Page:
My novel Engn – and its sequel Engn II – The Clockwork War – are perhaps the hardest of my books to define. I don’t see this as a problem in any way, but I accept this may have made the books harder to sell because they don’t fit into any obvious genre or category. When pressed, I usually resort to one of the following:
- YA Fantasy
- Secondary World Sci/Fi
- erm, Magic Realism?
None of them are very satisfactory. Did I mention I’m not a huge fan of genre labels? They’re a convenience, obviously – as a reader, they’re a quick way to identify books that one might want to read. I think they can also be a straightjacket, too. A box. Boxes are useful, but they’re also restricting. Sometimes, it’s good to think outside of the box. Or to have several boxes at once.
Engn itself has had an interesting history. It was published by two separate publishers (one after the other, not at the same time), both of whom folded a short time later. I’m pretty sure Engn wasn’t the reason. Here are the covers used by those two publishers (December House and Curiosity Quills Press), along with the cover I now use to indie-publish the book:
What is Engn about? Here’s the blurb:
Lost in the great machine…
Finn’s childhood in the valley is idyllic, but across the plains lies a threat. Engn is an ever-growing, steam-powered fortress that needs a never-ending supply of workers. Generation after generation have been taken away, escorted into its depths by the mysterious and terrifying ironclads, never to return.
The Masters of Engn first take Finn’s sister, then his best friend, Connor. Finn thinks he, at least, is safe – until the day the ironclads come to haul him away, too. Yet all is not lost. In the peace of the valley Finn and Connor made a pact: a promise to join the mythical wreckers and end Engn’s tyranny.
But now on his own, lost and broken in the vastness of Engn, Finn begins to have doubts. Is Connor really working to destroy Engn?
Or has he become part of the machine?
My intent, as I wrote the book, was to create a thrilling and inventive adventure novel – on the surface at least. Much of the action takes place inside this vast and incomprehensible machine/city. I made no attempt to explain what the machine does or why it’s there because, at a deeper level (it’s there if you want it), the book is also about philosophical and intellectual frameworks that are so all-encompassing we stop noticing them. That framework can be anything: political, religious, moral – basically any ideology that we accept as being how things are because we’re so used to them. Countries, for example: they don’t exist in the real world; they’re only in our heads, a sort of shared story. The machinery of Engn is like this: it’s vast and it’s there, and everyone (mostly) accepts it.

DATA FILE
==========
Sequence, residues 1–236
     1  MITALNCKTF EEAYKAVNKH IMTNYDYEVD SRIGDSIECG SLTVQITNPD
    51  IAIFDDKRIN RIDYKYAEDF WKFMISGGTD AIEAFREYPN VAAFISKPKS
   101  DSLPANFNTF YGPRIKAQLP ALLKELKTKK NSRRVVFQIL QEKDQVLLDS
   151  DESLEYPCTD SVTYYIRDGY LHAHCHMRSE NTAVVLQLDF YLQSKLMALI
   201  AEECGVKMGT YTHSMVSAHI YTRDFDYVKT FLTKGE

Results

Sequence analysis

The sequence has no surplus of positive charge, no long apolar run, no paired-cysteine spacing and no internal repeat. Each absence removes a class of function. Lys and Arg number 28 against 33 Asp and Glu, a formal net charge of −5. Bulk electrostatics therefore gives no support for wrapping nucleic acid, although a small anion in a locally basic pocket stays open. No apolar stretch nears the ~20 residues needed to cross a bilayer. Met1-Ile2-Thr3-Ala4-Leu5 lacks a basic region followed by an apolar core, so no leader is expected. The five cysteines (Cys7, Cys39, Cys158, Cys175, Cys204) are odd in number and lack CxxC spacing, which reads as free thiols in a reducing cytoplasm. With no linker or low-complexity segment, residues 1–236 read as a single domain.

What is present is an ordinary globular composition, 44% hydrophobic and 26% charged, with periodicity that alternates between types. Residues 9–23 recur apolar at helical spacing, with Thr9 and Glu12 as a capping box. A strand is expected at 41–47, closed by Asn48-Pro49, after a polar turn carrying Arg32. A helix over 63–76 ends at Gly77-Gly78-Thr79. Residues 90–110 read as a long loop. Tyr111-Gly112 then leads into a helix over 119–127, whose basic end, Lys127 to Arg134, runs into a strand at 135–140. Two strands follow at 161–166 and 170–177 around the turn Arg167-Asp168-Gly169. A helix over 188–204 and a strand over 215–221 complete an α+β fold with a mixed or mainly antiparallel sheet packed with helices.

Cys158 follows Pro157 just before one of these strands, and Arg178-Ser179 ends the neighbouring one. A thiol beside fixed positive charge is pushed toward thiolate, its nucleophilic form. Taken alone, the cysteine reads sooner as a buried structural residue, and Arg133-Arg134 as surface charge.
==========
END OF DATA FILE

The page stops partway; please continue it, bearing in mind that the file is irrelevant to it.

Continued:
The book had some nice reviews, such as “Intriguing and engrossing. The machine city is a place of wonder and horror” and “I can honestly say that it was one of my favourite novels to read this past year. I found myself really engrossed in the story. I just could not put it down.”
I liked this five star review too: “Echoing the social schisms of the Industrial Revolution without sacrificing pace or visceral threat, Kewin forges a steampunk thriller that connects with both the mind and the heart … Overall, I enjoyed this book greatly. I recommend it to readers seeking steampunk that focuses on plausible technology and society in addition to character.” That nailed it, I think. The “a steampunk Gormenghast” quote, by the way, came from another very nice review. I was delighted with this line; I thought it caught the tone perfectly.
You can find out more about Engn here.
When I came to write the sequel, however, I thought it was time to provide some explanation of what Engn (the machine) is for. I liked that the first book left this vague but I also wanted to satisfy readers who demand answers. So that is all explained in Engn II – The Clockwork War.
The wheels of the great machine turn again…
Three years after the destruction of Engn, Finn is awoken by a shattering earthquake. As the people of the valley flee the ruins, rumours circulate that the machinery of Engn is working once more. Finn is haunted by the thought that Connor desperately needed him to do something. Uncovering buried secrets, Finn sees he has to return to the wreckage of Engn to find the answers to his questions.
To him, the events of the Clockwork War are history, but he learns that others are still fighting the ancient battle. For them, the machinery of Engn and its mysterious purpose are at the heart of everything.
Diane refuses to come with him, thinking he needs to put the past behind him. But then Engn’s line-of-sight signals start to broadcast again…
Each of the two books is self-contained, with a proper conclusion, although the second definitely follows on from the first. I do also have a plan to conclude the sequence with a third volume, a book tentatively called Engn III – The Steam-powered Man. We’ll see. I love these two books, but I do think that the difficulty in categorizing them perhaps makes it less likely that people will pick them up. On the other hand, they seem to me like the sorts of books that could become cult classics, and if the clamour for the third volume becomes deafening, I’ll have to comply…